In Harper Lee's To Kill a Mockingbird, what are some passages showing how Atticus Finch represents the issues in society?

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Tamara K. H. eNotes educator| Certified Educator

In Harper Lee's To Kill a Mockingbird, one way in which Atticus Finch represents the issues of society is by representing the voice of the oppressed. Atticus represents the voice of the oppressed by representing Tom Robinson in the face of town ridicule.

Atticus knows from the start that Robinson's case is an unjust one since there is no real evidence. As Atticus explains to his brother Jack, the only thing serving as evidence in the trial is a "black man's word against the Ewells'" (Ch. 9). As he later states in his closing remarks to the jury, the case never should have gone to trial due to lack of "corroborative evidence" (Ch. 20). There wasn't even any medical evidence proving Mayella had indeed been raped because neither the Ewells nor Sheriff Tate had the sense to call a doctor to the scene of the alleged crime. The only reason why the case went to trial is because white folks charged a black man with a crime, showing us the unfairness of the Southern legal system when it comes to charging the oppressed members of Southern society with a crime. It is partially due to the unfairness of the case being brought to trial that Atticus is determined to put his all into defending the oppressed Tom Robinson.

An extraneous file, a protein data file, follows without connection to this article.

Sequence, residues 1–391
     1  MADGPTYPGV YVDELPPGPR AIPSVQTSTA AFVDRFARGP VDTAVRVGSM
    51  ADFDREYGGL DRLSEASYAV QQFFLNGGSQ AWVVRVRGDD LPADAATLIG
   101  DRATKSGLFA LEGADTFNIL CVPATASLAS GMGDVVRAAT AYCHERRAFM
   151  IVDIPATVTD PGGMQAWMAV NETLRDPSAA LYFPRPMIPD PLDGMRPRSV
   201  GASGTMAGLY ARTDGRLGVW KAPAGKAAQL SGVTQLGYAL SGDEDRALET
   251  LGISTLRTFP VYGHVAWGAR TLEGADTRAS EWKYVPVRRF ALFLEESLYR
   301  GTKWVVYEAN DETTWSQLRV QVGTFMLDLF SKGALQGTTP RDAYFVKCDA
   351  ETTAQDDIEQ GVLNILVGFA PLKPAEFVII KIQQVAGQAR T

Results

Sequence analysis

Atticus also knows that, despite lack of real evidence, Robinson is likely to be judged guilty simply due to his race. We see Atticus express the inevitability of conviction when he says to Scout, "Simply because we were licked a hundred years before we started is no reason for us not to try to win," a statement that reflects the South's history of oppression due to racial prejudice (Ch. 9). Yet, as he tells the group of men congregated outside his home, led by Sheriff Tate in Chapter 15, Atticus will not rest until the truth about Robinson's innocence and Bob Ewell's guilt is known. Since Atticus is so determined to reveal the truth, it can also be said he is representing the voice of the oppressed.

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To Kill a Mockingbird

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